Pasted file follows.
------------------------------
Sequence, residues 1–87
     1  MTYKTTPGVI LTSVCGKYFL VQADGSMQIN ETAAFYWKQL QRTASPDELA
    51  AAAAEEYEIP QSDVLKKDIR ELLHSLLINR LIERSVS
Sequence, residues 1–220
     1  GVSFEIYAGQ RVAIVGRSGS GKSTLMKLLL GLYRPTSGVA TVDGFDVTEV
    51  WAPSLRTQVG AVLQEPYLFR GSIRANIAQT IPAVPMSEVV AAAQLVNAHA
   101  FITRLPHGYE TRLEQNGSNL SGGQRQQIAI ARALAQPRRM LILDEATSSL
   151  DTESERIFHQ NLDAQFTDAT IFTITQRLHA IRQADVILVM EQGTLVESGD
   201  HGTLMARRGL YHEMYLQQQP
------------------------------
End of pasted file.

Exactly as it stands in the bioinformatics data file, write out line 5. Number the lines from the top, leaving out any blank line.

     1  GVSFEIYAGQ RVAIVGRSGS GKSTLMKLLL GLYRPTSGVA TVDGFDVTEV